West Virginia has now become the second state to consider giving money to the federal government in support of President Donald Trump’s wall along the southern border.
Three Republican lawmakers in the state’s House of Delegates announced they would be introducing legislation that would help fund the wall.
The bill would divert $10 million from a state budget surplus, which is projected to grow to $300 million soon, to help build the wall, according to delegates Carl Martin (R-Upshur), Patrick Martin (R-Lewis), and Caleb Hanna (R-Webster).
Caleb Hanna, at the age of 19, is the youngest black legislator in the nation. He said that the funding is similar to sending National Guard troops to different states.
“I am happy to co-sponsor a piece of legislation that I don’t think just West Virginia will be happy about, but the American people as a whole,” Hanna told Fox News. “We owe it to the voters … I believe that the wall is a crucial part in addressing West Virginia’s drug problem.”
He added: “I believe in President Trump and the wall. For me, this is no different than sending our National Guard to the border or overseas to protect U.S. interests. We, as a state, have resources available to help make America more secure, and I believe West Virginians would want those resources used to make us more safe.”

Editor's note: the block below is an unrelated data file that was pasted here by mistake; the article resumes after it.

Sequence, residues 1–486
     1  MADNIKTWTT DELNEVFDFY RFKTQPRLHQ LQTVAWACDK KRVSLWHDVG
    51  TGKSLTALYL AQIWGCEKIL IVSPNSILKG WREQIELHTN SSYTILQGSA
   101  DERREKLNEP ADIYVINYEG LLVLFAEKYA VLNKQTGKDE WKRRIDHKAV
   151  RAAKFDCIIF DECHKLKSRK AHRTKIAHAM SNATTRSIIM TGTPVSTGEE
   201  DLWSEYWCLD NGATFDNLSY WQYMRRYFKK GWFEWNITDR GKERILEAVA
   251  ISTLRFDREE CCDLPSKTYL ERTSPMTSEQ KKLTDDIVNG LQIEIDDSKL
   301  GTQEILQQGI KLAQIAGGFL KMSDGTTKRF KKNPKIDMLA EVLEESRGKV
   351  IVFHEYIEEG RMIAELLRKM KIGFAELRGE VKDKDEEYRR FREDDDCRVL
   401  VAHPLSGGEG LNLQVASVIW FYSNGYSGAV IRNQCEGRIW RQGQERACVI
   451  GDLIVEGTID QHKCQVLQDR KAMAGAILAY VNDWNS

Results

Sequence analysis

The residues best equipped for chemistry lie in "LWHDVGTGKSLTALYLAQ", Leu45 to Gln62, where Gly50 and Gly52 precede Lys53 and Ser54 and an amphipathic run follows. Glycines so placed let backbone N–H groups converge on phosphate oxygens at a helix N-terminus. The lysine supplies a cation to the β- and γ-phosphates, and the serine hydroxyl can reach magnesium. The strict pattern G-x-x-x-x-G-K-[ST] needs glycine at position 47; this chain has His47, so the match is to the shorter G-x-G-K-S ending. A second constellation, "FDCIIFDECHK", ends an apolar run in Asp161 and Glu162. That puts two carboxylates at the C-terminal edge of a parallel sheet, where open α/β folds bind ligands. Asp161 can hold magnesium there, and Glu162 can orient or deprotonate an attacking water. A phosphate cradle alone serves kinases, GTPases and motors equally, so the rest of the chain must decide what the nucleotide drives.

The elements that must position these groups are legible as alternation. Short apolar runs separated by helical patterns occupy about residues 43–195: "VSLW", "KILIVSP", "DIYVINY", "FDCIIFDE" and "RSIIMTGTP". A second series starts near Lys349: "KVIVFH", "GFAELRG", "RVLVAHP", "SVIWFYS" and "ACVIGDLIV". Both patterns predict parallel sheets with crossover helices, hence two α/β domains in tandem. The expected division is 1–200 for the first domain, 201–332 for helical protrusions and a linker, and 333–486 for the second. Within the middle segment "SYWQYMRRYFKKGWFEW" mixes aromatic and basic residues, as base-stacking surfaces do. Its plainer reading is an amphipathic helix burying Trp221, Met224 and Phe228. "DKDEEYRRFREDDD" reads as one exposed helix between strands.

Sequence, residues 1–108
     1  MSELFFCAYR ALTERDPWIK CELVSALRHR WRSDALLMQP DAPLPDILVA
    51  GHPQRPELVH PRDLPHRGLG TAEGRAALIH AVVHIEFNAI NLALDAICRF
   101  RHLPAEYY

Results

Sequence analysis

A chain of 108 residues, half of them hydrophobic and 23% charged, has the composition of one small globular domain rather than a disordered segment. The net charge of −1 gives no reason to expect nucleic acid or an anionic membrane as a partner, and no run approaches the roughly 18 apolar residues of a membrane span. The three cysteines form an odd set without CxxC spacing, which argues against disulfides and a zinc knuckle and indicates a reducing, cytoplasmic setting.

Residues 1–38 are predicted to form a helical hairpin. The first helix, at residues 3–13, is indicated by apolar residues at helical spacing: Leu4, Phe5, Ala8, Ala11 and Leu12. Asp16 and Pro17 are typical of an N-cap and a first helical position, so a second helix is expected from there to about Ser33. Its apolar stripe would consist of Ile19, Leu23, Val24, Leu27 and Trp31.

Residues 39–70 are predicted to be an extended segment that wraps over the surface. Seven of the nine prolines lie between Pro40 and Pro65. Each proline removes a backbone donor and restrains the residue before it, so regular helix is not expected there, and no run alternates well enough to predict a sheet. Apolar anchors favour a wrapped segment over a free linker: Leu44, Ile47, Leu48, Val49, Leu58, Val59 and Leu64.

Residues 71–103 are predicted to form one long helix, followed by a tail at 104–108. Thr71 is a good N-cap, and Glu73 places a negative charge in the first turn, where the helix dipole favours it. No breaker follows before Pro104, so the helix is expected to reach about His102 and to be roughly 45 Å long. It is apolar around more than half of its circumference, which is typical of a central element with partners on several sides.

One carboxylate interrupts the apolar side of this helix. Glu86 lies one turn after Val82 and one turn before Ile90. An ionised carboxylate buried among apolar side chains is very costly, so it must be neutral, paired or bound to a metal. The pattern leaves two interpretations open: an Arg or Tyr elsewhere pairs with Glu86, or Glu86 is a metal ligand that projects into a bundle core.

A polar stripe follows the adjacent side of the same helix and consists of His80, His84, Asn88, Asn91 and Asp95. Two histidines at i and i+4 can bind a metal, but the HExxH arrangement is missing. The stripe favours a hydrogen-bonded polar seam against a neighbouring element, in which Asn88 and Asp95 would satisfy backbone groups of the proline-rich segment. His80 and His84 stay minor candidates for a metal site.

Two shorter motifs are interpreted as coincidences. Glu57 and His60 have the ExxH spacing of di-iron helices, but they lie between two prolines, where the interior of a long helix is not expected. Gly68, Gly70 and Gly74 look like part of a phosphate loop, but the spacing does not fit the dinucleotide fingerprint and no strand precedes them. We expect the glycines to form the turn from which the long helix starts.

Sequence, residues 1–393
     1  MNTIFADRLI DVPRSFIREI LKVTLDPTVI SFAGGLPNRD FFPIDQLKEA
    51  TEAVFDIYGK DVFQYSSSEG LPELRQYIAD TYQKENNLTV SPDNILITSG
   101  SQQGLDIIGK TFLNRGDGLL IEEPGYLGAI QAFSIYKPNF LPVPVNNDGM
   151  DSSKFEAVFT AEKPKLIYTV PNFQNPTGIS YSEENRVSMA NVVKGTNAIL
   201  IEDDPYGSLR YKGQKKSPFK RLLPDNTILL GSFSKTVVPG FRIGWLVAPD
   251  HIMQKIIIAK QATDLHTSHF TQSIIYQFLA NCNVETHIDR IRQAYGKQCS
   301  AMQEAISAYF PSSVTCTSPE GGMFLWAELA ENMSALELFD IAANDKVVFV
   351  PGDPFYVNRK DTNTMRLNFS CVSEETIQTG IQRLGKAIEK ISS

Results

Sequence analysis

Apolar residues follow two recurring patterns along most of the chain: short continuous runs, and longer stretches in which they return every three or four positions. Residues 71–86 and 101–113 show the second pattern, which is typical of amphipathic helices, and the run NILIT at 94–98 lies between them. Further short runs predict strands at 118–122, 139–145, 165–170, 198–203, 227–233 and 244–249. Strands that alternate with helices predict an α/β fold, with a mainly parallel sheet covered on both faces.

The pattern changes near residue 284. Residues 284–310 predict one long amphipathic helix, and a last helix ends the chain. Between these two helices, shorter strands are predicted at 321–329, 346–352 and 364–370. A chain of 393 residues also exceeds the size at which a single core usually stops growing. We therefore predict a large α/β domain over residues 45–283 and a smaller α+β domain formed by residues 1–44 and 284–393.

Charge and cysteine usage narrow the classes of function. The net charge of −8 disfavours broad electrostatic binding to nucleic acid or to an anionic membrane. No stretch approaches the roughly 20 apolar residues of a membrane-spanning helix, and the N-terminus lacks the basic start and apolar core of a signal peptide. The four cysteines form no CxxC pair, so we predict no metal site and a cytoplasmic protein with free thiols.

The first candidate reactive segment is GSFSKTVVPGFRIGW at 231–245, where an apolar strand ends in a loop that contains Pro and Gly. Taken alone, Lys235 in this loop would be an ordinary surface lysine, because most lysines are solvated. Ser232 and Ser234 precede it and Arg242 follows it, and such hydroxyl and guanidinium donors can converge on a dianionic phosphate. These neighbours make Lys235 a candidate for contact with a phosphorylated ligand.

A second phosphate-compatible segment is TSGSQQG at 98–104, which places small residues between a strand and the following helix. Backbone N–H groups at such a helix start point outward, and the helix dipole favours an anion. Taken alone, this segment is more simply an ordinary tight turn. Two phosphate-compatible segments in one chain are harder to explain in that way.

According to a press release from the state’s House of Delegates, the drug epidemic that has wreaked havoc upon West Virginians is largely the result of drugs being trafficked over the U.S.-Mexico border.
“We have been in contact with multiple law enforcement officers and judges about the drug epidemic, and every single one has told us 90 percent of the drugs coming to our state are coming in from Mexico,” Carl Martin said in the release.
“This is about our children and our future, and we must do everything in our power to protect them,” Patrick Martin added. “Since the D.C. liberals won’t act on this, we will. And I hope West Virginia serves as an example to other states that it’s time to stand up against inaction in Washington and band together to do what’s right.”
Hanna also noted that the money isn’t much but hopes that, if the legislation passes, it prompts other states to contribute.